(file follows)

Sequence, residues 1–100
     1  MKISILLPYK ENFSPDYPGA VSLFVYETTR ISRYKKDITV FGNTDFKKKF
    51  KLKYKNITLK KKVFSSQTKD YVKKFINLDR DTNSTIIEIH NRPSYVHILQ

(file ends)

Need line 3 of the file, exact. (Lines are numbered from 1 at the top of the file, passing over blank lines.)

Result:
    51  KLKYKNITLK KKVFSSQTKD YVKKFINLDR DTNSTIIEIH NRPSYVHILQ